When we opened Metropolitan Expeditionary Learning School (MELS) in New York City—a grade 6–12 school-more than six years ago with our first batch of sixth and seventh graders, we wanted to do something different. We wanted: A student population that is socioeconomically and racially diverse
- A school where kids are not separated into tracks, which can make it difficult to ensure equity across the entire student body
- A curriculum focused on real-world, relevant experiences for students that are based in their local communities rather than textbooks
- A teaching staff that is creative, collaborative, and committed to student-centered instruction
- A culture where continuous improvement is the norm—not something forced from the outside
Since we opened our doors, each year we have retained more than 90 percent of our staff, maintained an exceptionally high attendance rate, and received more than 2,500 applicants for approximately 150 seats.
Collaboration Is Key
In educational circles, the word “collaboration” is often talked about, but because of various challenges confronting schools, it is seldom fully embraced and implemented effectively. At MELS, collaboration is “baked into” all that we do. We have been very intentional about creating the structures to support collaboration at our school, from the design of curriculum to the ways in which we structure time for planning and teacher teams.
Our teachers work together in grade-level teams to plan interdisciplinary units that not only develop students’ ability to make connections across subjects, but instead build community among our staff and lead to more thoughtful, engaging curricula. We believe that thoughtfully designed group work and hands-on activities build student engagement, challenge students to think deeply about the material, and prepare our kids for the real world.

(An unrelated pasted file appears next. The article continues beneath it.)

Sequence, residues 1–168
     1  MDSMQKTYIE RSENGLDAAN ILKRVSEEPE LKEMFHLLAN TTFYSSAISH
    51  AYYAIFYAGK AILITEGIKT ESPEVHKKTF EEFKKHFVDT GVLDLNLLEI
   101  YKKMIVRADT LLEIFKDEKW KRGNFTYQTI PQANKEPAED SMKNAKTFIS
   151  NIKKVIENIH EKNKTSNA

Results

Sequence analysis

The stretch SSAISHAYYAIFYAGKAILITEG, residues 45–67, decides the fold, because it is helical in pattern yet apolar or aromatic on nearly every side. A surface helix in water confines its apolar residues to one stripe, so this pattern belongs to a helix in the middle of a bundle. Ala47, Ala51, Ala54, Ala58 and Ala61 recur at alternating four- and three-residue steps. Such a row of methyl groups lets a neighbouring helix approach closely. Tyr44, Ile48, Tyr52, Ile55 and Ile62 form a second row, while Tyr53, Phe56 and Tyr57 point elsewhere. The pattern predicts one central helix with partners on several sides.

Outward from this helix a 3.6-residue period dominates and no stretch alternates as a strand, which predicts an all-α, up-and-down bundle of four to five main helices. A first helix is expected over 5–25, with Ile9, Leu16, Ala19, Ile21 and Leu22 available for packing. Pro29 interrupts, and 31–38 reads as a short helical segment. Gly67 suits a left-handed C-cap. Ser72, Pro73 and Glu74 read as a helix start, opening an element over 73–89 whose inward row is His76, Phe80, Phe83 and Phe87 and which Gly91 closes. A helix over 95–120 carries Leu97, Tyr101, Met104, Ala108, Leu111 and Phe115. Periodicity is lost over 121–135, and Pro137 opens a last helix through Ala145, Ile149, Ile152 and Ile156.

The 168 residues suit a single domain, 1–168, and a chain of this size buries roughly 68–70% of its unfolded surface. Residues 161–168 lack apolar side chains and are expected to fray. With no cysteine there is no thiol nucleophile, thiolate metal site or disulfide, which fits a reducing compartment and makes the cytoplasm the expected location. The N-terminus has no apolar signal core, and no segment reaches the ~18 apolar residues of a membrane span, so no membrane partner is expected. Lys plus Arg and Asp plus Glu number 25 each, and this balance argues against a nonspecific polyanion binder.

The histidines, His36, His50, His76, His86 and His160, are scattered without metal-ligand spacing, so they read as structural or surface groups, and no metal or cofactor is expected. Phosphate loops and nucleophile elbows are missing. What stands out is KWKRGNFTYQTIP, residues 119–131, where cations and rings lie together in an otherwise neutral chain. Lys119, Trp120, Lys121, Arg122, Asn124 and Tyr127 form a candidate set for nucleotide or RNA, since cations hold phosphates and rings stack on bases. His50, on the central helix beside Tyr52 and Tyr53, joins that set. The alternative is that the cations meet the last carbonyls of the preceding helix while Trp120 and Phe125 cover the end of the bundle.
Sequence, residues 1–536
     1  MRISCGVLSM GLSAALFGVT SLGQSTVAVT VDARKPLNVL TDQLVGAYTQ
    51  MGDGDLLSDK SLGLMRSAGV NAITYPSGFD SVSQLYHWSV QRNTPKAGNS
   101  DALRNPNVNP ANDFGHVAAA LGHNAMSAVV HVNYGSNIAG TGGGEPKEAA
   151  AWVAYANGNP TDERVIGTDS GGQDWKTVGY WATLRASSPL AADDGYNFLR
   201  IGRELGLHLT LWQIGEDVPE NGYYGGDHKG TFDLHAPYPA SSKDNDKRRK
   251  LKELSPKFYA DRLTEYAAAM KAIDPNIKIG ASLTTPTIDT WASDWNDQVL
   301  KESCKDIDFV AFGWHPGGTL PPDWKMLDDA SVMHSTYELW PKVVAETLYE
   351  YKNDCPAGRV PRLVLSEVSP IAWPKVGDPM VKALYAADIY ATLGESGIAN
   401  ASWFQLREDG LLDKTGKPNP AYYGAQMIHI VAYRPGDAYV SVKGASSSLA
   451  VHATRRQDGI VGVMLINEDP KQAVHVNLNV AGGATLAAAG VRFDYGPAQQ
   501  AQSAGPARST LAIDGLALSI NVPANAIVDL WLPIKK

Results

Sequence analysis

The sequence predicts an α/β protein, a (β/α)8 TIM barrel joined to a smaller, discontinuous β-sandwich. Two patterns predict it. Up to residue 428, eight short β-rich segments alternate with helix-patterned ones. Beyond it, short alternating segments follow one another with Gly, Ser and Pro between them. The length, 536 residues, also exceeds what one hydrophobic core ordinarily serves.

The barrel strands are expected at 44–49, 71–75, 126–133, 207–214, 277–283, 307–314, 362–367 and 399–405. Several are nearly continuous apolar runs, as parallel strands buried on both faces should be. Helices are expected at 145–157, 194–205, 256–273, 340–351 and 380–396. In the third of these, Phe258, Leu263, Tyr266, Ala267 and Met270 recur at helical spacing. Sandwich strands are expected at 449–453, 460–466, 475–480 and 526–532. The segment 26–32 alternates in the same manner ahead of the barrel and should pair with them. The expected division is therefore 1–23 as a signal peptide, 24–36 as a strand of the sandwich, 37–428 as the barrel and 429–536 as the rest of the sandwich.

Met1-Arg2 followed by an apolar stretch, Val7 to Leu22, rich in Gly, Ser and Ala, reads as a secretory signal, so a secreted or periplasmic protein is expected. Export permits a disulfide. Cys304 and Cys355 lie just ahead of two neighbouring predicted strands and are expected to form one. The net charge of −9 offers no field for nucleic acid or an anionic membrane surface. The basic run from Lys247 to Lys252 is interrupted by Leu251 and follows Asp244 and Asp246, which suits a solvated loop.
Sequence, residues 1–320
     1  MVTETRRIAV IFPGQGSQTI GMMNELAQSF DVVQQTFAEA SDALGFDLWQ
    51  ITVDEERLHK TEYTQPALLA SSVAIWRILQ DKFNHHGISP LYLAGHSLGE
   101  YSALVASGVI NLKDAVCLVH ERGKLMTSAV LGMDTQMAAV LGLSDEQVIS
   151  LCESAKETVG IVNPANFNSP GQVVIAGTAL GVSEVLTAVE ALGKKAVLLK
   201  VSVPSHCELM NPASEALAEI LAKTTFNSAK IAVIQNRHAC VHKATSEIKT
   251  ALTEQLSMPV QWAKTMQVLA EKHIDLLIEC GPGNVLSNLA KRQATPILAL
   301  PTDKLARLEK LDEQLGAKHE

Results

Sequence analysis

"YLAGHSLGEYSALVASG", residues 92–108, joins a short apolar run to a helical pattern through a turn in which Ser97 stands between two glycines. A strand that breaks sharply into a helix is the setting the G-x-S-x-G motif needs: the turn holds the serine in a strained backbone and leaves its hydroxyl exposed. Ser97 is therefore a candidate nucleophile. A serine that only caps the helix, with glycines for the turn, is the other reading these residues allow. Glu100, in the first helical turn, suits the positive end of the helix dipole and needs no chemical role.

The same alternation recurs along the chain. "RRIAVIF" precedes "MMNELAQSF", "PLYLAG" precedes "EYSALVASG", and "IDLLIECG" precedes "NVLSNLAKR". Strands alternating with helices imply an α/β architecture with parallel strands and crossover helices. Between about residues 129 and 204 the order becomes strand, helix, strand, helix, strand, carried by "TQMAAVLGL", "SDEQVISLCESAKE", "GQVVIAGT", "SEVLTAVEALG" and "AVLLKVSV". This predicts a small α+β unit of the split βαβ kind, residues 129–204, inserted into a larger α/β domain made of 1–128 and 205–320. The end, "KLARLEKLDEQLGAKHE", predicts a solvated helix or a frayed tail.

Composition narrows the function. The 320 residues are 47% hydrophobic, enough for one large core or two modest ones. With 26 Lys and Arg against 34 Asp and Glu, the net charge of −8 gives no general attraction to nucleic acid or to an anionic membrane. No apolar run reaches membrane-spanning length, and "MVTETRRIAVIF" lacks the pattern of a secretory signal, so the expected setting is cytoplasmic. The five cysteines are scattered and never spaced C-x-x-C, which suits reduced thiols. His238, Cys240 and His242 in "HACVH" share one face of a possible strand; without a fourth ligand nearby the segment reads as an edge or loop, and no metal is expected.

Upon visiting our school, you can see a team planning grade-wide trips to Forest Park to forage and build shelters in the woods; student groups presenting their findings on the human impact on the ecosystem of Jamaica Bay; English, social studies, and math teachers planning together to teach students about the rise of the labor movement and the current issue of workers earning a livable wage; and students circled up debriefing their community-building initiative. At MELS, collaboration is about more than just “getting along.”
Co-principals Model Teamwork
We believe it all starts with our leadership model. We operate as co-principals, building on other models of effective co-leadership we have witnessed in the past. While our co-principalship is not solely responsible for the culture of collaboration at MELS, it is a significant part of the equation. From the beginning, the two of us have operated as the only two administrators in a school of 830 students. Every day our staff and students see the two of us, as co-principals, modeling teamwork as instructional and operational leaders.
Since we opened, we have built structures that support our work together. We share a very small office that was designed for one principal; we share a joint email account in order to communicate as a united voice; and we discuss all important decisions (which often leads to long conversations after work to examine all perspectives on an issue). We believe this “double examination” forces us to analyze issues much more deeply and leads to more thoughtful decisions.
Although it often takes more time, our thinking and revision together strengthens every aspect of our school in a way that is much different than, say, an assistant principal working with a principal. It is not just a structure that we attempt to model, but a way of thinking—that we value one another’s input and have absolute trust in one another. In addition to these small structures, we work daily in all conversations to ensure that parents, students, and community members see the two of us as equals in much the same way that we want our collaboratively taught classrooms to communicate with one voice.